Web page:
Lale Westvind, Grip (Perfectly Acceptable Press, 2020). $30.

Lale Westvind’s Grip is a celebration of the power of the hand. Recently compiled into a single, offset printed volume from a previous two part risograph publication, Westvind’s wordless whirlwind of a comic celebrates work-power in a manner that circumvents or counteracts many of the negatives associated with labor. The work of Westvind’s nameless female protagonist is not celebrated as a means to capital, but as an embodied means to self-empowerment and autonomy through the development of confident ability. In engrossing, kaleidoscopic fashion, Westvind illustrates a story of a woman discovering the power of her hands to create and contribute, building from working as a waitress to constructing a motorcycle from raw materials to joining a legion of fellow female workers in a heavenly realm. 

In a sense, Grip could be considered a superhero comic, as its protagonist has supernatural abilities (manipulating earth, extracting metal, and shaping the environment) and affiliates herself with other powerful figures. However, Westvind consciously eschews any of the violence associated with the genre (as she mentions in an interview in Bubbles fanzine), while also firmly planting Grip in a different generic tradition through her use of style. Westvind is stylistically committed to depicting nonviolent motion and action. Most panels contain some sort of motion, drawn in a manner in which one can see the after-image and fore-image of the activity as a sort of visual echo. This vibrantly kinetic style and Westvind’s sweeping linework grants the comic a consistent thrum of productive activity. Combined with her usage of bright colors, each move of the hand and body emits a warm, psychedelic aura of force — a force that is not threatening, but enlivening. To put it simply, Westvind’s style is unmistakable, absorbing in its vibrancy and singular in its vision. Grip’s aesthetics function as a statement of independence — say, independence from other superheroic tropes or movements — that reflects the growing independence of its protagonist and small-press creator.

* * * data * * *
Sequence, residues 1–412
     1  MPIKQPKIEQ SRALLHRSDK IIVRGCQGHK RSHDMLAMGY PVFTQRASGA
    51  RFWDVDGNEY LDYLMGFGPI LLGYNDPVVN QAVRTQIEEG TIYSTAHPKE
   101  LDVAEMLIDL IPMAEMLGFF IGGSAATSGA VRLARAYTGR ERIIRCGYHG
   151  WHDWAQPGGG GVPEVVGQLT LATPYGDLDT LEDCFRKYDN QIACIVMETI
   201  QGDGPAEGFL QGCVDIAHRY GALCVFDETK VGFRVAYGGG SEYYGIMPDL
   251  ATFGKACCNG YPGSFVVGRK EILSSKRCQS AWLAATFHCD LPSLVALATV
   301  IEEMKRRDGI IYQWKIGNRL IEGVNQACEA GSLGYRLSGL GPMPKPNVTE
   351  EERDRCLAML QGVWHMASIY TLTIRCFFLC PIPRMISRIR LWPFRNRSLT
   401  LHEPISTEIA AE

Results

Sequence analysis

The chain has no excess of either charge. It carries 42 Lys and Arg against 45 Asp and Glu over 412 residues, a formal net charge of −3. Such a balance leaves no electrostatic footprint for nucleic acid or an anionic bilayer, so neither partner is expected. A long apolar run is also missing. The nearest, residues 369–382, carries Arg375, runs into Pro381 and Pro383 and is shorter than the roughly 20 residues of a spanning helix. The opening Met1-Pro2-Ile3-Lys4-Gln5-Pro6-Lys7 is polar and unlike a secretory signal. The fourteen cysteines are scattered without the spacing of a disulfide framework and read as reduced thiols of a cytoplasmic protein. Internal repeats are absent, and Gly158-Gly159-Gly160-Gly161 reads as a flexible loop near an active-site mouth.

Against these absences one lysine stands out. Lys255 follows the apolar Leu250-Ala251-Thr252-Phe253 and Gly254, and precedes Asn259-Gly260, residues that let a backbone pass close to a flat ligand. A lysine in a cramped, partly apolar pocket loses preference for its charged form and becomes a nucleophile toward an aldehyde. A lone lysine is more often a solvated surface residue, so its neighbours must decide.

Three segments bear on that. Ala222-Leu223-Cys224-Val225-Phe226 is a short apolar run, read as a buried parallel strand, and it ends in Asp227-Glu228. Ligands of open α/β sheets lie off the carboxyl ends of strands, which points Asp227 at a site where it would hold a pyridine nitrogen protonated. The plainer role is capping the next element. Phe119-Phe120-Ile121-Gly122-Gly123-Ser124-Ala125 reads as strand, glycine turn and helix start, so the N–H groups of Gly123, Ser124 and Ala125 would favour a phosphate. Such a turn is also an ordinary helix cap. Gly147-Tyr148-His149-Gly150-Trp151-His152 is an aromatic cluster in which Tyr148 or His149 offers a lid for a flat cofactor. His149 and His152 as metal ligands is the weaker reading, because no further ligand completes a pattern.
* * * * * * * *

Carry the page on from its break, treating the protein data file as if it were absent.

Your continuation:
Grip shines not only through this integration of style and message but also in how these stylistic decisions encourage a multivalent mode of reading and appreciation. Westvind’s style is so foregrounded and so hypnotic that one may pause to appreciate the artwork on a page just as often as one might pause to reflect on its meaning. This mode of reading is only strengthened by the comics’ wordlessness, and by the vibrant opacity of Westvind’s style. Her whirls of motion dip into abstraction, forcing the reader to decode the graphic message in many of the panels — in a sense, engaging in labor of their own as they read. These two factors encourage an appreciation of the surface of Westvind’s art as well as its depths. I know I first picked up the book at Desert Island in Brooklyn because I was gripped by the style. Westvind’s art doesn’t only draw you into reading its narrative, it also draws you into an appreciation of its aesthetics — as a trippy and beautiful arrangement of marks, as well as an ode to the power of the sorts of hands that might make them.